Rumaging through my Bin of No Return turned up several vintage parts that struck me as top material. The tops seemed to build themselves, as if by channeled Klingons. They nicely illustrate some of the fundamentals of LEGO top design.
About this creation
Please feel free to look over the images and skip the verbiage.
As the first-born of the 4 high-speed finger tops presented below took shape, almost on its own, the feeling that I might be channeling a Klingon spacecraft designer got harder and harder to shake. The 3 tops that followed in rapid succession only strengthened that suspicion.
But there they were: Four vintage parts I'd never had occasion to use, just crying out to be made into tops.
∧ The 3x6 Technic axle connector block (32307, ca. 2000; 2nd from right) was the first to catch my eye. This dense piece with 6 axle holes looked like a secure way to add mass to the periphery of a top rotor, which is where you want a top's mass to be concentrated when long run times are the goal.
I envisioned a similar role for the 3x7x2 Technic forked liftarm (32308, ca. 2000-2001; 2nd from left) found next, though with less favorable aerodynamics and less useful attachment points.
Then I spotted the 1 x 3 x 7 Bionicle Bohrok shoulders (41672, ca. 2002-2008; far left) and Technic gearbox halves (32166, ca. 1999-2000; far right), both of which had potential as rotor spokes.
These Klingon tops are decidedly more for "show" than "go", but I optimized them for run time and sleeping tendency as best I could while keeping to the Klingon look and feel.
∨ All have 3-spoke rotors of various kinds attached to hubs based on wedge-belt pulley wheels, and all use the same light gray, dark gray, and black color scheme.
All 4 tops spin smoothly and have a pleasing rotational "heft" (tantamount to axial rotational inertia) when twirled -- especially DIngwI'Hom.
Rule 4: Smooth spinning requires (i) a well-balanced rotor and hub, (ii) true axles, (iii) a smooth, rounded tip with a small radius of curvature and no flats, and (iv) smooth, level ground. TLG's precision molding prowess really shines here.
Aerodynamics tend to take a back seat to cosmetics in "show" tops, and so it was with these. All 4 hiss and spin down very quickly after release, even when twirled -- sure signs that their run times are strongly limited by aerodynamic drag (hereafter, just "drag").
∨ Considering the poor aerodynamics, the twirled run times put in by these tops (15-29 sec) are pretty good, but the longer-running "go" tops on my finger top page put them all to shame. The 2 tops below are representative of the 2 ends of the twirled run time spectrum.
∧ The exceptionally dirty rotor of the Honeycomb (above left) causes it to spin down faster and hiss louder than even the Klingons. Its best twirled run time is only 14 sec. A lower CM is the only thing that makes Honeycomb competitive with the dirtiest and shortest-running of the Klingons -- Duj puHlI', 15 sec.
∧ Ultra-clean Stack-of-Dishes, on the other hand, loses speed silently and almost imperceptibly. Its best twirled run time of 82 sec beats those of the longest-running Klingons (gheb wewlI' and HeghmoH yor) by a factor of 2.8.
The maximum speeds reached by the Klingon tops when spun up by motor (~1,300 to 2,700 RPM) are also limited by drag.
Run times by motor are only 7-35% longer than by hand. This surprising result is a direct consequence of...
Rule 5: The drag generated by a rotor component is roughly proportional to the square of the product of the radial distance to its CM and the top's angular speed. The braking torque due to that component is then the product of the radial distance to its CM and the drag it produces. The greater the sum of the braking torques due to all rotor components, the shorter the run time.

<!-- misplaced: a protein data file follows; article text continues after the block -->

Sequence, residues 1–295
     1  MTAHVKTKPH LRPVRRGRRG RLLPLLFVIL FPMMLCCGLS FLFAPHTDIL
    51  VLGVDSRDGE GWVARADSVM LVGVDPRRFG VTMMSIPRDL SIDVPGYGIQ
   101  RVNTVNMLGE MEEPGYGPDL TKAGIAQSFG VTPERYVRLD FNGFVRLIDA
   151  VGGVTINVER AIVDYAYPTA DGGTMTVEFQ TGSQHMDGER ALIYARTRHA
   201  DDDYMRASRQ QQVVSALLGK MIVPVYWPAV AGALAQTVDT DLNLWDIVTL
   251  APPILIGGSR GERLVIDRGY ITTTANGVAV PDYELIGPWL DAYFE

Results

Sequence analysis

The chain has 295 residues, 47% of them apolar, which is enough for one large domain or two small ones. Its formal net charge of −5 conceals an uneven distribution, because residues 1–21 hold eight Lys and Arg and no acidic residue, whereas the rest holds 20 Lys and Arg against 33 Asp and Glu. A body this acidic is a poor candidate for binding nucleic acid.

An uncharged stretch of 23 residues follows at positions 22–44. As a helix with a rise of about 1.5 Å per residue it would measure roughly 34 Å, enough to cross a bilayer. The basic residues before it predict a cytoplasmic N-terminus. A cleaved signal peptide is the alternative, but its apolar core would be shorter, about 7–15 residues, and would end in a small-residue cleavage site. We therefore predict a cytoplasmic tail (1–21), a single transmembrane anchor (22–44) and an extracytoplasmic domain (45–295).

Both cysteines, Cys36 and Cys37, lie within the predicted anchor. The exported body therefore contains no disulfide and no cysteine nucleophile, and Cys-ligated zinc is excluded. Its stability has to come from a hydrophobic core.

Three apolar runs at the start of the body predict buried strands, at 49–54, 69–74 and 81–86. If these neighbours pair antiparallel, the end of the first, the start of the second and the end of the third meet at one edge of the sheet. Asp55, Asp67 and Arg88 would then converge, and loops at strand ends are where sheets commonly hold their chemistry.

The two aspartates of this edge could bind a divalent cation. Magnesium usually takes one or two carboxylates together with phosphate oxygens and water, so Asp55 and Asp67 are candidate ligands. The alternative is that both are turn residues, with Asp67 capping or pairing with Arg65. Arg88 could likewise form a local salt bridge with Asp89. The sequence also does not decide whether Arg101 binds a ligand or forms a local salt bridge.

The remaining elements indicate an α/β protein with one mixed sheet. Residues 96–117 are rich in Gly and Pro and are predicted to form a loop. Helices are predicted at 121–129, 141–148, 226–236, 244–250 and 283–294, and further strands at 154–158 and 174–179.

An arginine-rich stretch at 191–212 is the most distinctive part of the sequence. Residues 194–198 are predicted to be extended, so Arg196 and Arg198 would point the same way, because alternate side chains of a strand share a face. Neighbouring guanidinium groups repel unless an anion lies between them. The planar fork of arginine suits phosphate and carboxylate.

The low rotor clearances (10-17 mm) and small grounding angles (10-16°) here reflect an attempt to bolster run times by making their CMs as low to the ground as possible. This strategy follows from Rule 2 above.
∨ Much of the strength needed to withstand the centrifugal forces encountered at high speeds resides in (i) the hubs used (below), and (ii) the many strong attachment points provided by the 4 parts from the Bin of No Return.
Rule 6: The centrifugal force felt by a rotor component is proportional to the product of its mass, the radial distance to its CM, and the square of the top's angular speed. Hence, the heavier and more peripheral the component, and especially the faster the top, the stronger the component's attachments to the rotor must be in both tension and sheer.
Each top has its own character, both visually and dynamically. Specifics and close-ups follow.
gheb wewlI' (horns that glow)
∨ I call the first top to emerge from the bin "gheb wewlI'", meaning "horns that glow".
This top has a rotor diameter of 170 mm and a mass of 46 g. Rotor clearance and grounding angle are 17 mm and 10.5°, respectively. Best run times and maximum speeds are 29 sec/690 RPM twirled and 31 sec/1,515 RPM by motor.
Note the huge disparity here: Motorized spin-up improves maximum speed by 120% but run time by only 7%! Welcome to Rule 5.
∧ The Bohrok shoulders make for long, stiff, high-drag rotor spokes with visually interesting offsets and lots of strong attachment points.
∧ All 4 tops use the low-friction tip design above, my best to date. As seen in the video, it promotes sleeping, reduces precession, and all but eliminates walking.
∧ Free axle holes in the 3x6 connector blocks at the ends of the spokes allowed me to add a little extra mass to their undersides at little cost in drag. (See Rule 3 and Rule 5.)
When I mentioned earlier that the Klingons qualify as high-speed finger tops, I left out one small detail: The loosely attached horns on this one tend to fly off at ~1,400 RPM (see Rule 6). (Frankly, it's a miracle they hang on that long.)
∨ However, when the horns are replaced by parts of the same mass but with stronger attachments (below), gheb wewlI' stays in one piece to its maximum speed by motor (1,515 RPM). Since the horns were just gratuitous ornaments, that qualifies it as a high-speed top in my mind.
Having more axial rotational inertia and a smaller grounding angle than DIngwI'Hom (the smallest top here) makes gheb wewlI' the harder of the two to twirl WRT both finger strength and skill. The same reasons make HeghmoH yor a harder twirl as well.
HeghmoH yor (top of death)
I call this top "HeghmoH yor" ("top of death") just because Klingons really go for that stuff.
It has a rotor diameter of 168 mm and a mass of 58 g. Rotor clearance and grounding angle are 17 mm and 11.5°, respectively. Best run times and maximum speeds are 29 sec/580 RPM twirled and 32 sec/1,304 RPM by motor.